2012 Heritage vs. Vintage #4 – All-Star Rookie Team

23 03 2012

Up next in the Great Heritage Comparison – All-Star Rookies.  Keep in mind – these cards feature players from the ASR team the year before.  So we’re comparing the 1962 ASR team to the 2011 version.  On the 1963 cards, compared to the 2012 Heritage version.  All pretty simple until someone gets hurt.

I’m comparing by position, not by card number.  The 10 players all have the same 10 card numbers (yay, Topps, yay!), but more often than not, Topps didn’t match up the card numbers at each position (boo, Topps, boo!).  I’m giving a half a point for each card winner, and then an additional bonus point to the team I deem the best.  This will be my longest post for this Heritage thing I’m doing – by far!

Second Base

The most notable thing about the 1962 Topps ASR team is that NL Rookie of the Year winner Ken Hubbs is not on it.  Hubbs was beaten out by Minnesota Twins second baseman Bernie Allen – who had the best season of his 14-year career in his first season.  In all fairness to Hubbs – Allen had a better year.  The 2011 second baseman was Danny Espinosa from the Nationals.

1963 Topps – Allen (.269/12/64, 646 PA’s)

2012 Heritage – Espinosa (.231/22/66, 658 PA’s, 17 SB)

Winner – Espinosa.  He had better overall numbers in his rookie year, and I think he’s likely to have a better future than Allen, who was a decent utility infielder for a decade or so.  I like the picture better on Allen’s card, but not enough to pick him.  I also don’t like that Topps sort of confused the card numbers here – Allen is card number 427, while Espinosa is 351.  These cards match up with other ASR cards – just not correct position wise.



Hubbs won the RoY award due primarily to a lack of competition.  The entire ASR team was composed of American League players, save one – pitcher Al Jackson, who had the unfortunate circumstances of having a decent rookie campaign while pitching for the Mets in their expansion year.  Despite a respectable 4.40 ERA over 230+ innings in the spacious Polo Grounds, Jackson lost 20 games.  That kept Rookie of the Year voters from looking at him, but not the Topps ASR team.

In 1963, Topps was selecting a RHP and a LHP – but in 2012, Topps selected a starter and a reliever.  Jackson was the lefty, Dean Chance was the right-handed pitcher.  Chance was very good in 1962 – and was 2 years removed from a Cy Young award for the Angels.  He actually did garner some Rookie of the Year consideration – placing 3rd.

The 2011 crop pitching crop is pretty darn good, though.  Both of the Rookie of the Year winners were represented here.  This kept out some pretty good pitchers, most notably Ivan Nova of the Yankees.  But Jeremy Hellickson was excellent in his 29 starts for the Rays, and Craig Kimbrel broke the rookie saves record.  All 4 pitchers are compared below.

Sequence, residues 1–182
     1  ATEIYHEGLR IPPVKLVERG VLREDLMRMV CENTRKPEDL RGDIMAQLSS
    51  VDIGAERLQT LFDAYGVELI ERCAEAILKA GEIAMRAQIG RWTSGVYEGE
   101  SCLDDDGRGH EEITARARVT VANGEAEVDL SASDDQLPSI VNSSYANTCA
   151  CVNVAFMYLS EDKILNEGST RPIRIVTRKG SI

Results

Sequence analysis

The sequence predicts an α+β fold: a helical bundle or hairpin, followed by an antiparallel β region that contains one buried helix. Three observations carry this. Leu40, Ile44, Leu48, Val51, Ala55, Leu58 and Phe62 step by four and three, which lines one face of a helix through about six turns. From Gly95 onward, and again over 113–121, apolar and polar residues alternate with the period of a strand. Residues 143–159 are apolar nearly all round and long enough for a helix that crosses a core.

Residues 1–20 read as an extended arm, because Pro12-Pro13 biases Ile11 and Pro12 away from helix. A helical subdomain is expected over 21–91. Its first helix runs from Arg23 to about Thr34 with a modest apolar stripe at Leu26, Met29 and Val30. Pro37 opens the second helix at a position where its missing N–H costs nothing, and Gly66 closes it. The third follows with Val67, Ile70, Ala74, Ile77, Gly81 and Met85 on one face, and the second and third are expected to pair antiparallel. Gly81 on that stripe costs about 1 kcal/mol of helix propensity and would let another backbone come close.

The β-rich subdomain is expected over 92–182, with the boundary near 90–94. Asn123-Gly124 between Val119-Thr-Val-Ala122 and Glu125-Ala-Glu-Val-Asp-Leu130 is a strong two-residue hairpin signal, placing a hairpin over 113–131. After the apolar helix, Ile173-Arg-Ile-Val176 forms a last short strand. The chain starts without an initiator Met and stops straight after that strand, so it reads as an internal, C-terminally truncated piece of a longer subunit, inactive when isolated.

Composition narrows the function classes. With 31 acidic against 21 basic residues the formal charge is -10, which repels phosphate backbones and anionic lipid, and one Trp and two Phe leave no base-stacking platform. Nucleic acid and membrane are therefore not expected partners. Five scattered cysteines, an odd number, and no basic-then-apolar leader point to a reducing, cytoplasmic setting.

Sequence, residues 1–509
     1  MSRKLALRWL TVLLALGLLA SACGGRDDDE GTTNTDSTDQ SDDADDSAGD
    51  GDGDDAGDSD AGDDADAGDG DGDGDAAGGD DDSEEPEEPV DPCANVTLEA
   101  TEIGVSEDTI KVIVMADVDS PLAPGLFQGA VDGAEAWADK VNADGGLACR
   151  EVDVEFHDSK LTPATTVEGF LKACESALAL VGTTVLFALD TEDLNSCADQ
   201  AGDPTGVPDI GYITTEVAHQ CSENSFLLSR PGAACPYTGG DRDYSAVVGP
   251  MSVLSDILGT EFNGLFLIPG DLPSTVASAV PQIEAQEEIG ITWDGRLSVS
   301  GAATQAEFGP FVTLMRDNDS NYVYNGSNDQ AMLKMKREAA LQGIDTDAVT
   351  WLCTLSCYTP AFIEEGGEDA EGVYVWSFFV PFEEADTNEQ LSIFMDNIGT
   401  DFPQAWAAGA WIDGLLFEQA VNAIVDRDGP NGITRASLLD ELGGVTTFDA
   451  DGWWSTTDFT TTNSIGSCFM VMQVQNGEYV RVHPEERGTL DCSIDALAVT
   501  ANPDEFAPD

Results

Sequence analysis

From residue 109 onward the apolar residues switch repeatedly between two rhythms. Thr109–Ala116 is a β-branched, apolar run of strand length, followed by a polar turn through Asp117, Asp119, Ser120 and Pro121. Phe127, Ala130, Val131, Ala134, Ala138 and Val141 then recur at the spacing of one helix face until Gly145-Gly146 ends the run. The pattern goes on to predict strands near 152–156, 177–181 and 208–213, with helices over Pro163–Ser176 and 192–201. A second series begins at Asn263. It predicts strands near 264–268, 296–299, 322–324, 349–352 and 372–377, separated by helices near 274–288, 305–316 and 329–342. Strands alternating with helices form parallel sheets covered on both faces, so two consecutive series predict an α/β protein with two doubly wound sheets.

1963 Topps – Jackson (8-20/4.40/118, 231 IP)

Chance (14-10/2.96/127, 206 IP)

2012 Heritage – Craig Kimbrel (4-3/2.10/127, 77 IP, 46 SV – MLB Rookie Record, NL ROY)

Hellickson (13-10/2.95/117, 189 IP, AL ROY)

Winner – Hellickson and Kimbrel.  I’m giving Heritage the clean sweep and a full point here!  Hellickson’s numbers are eerily similar to Chance’s, so they’re pretty close.  Chance had a pretty decent career – he didn’t pitch for a really long time, but he did have two 20-win seasons and a Cy Young Award.  I think Hellickson can match that career.  Kimbrel definitely had a better rookie season than Jackson, though his ineffectiveness at the end of the year when the Braves really needed him scares me for his future.  He has a great strikeout-to-innings ratio, though, and he broke a fairly significant rookie record.  I’d clearly give the 2011 team at least a split – but I really like Kimbrel’s picture.  They got him to go to the stands or the press box of a park, so it’s a neat background.  That puts them over the top for the full point here!  For the card number – Jackson and Hellickson both have card #111, but Kimbrel had card #398 – which was Boog Powell.  Chance was 355.  Again – they matched up ASR players, just not the same position.



That leaves us with one remaining Rookie of the Year winner to cover, and that winner was filling in at Shortstop for the New York Yankees while Tony Kubek was injured.  Tom Tresh would go on to a career just under a decade where he had good power and average hitting – but he was the best rookie in the 1962 season.  He had a career best 178 hits and 93 RBI, along with 20 home runs.  Tresh also performed very well in the postseason, hitting .321 with a homer and 4 RBI in the Yankees 7-game triumph over the Giants.

The 2012 ASR shortstop came courtesy of a baseball family.  Dee Gordon is not only Tom Gordon’s son, but he also had the 2011 card of the year as proclaimed by the 2011 blog of the year!  That’s nice and all, but this ain’t your 2011 Topps set, here – we’re comparing your daddy’s 1963 Topps to Heritage!

1963 Topps – Tresh (.269/12/64, 646 PA’s)

2012 Heritage – Gordon (.231/22/66, 658 PA’s, 17 SB)

Winner – Tresh.  He had better overall numbers in his rookie year, and I think he’s likely to have a better future than Allen, who was a decent utility infielder for a decade or so.  I kind of like the picture better on Allen’s card, but not enough to pick him.

Tresh was card #470, but Gordon was #427 – matching up with 2nd baseman Allen from above.


Third Base

Staying in the infield will take us over to the hot corner.  In 1962, that was 29-year old rookie Ed Charles, who got his chance with the Kansas City Athletics after a decade in the Braves minor league system.  Charles probably could have used a chance earlier than he got one – he hit .288 with 154 hits and solid power.  He was the 2nd best player on his team – and was pretty close to Norm Siebern.  Honestly – reading his “stats on the back” – I can’t believe he didn’t get a call up earlier.  He was behind Hall of Famer Eddie Mathews at 3rd, but you’d think they could have got a .290 hitter with some power into the lineup somewhere after 10 years.

Brett Lawrie was the 2011 version of the ASR hot corner.  But he was a late season call-up, not getting his ML debut until early August.  He did hit 9 homers in 43 games and slugged .580.

1963 Topps – Charles (.288/17/74, 20 SB, 604 PA’s)

2012 Heritage – Lawrie (.293/9/25, 171 PA’s)

Winner – Charles.  He played a full season and had really solid numbers.  I liked the info on the back of the card here, too, and I like the picture on his card – I’ve always been a fan of the sleeveless uni and that KC logo.  I’m further dinging Heritage for the mix up in position – Charles was card #67, while Lawrie was #280 – these two guys were flipped with the catcher.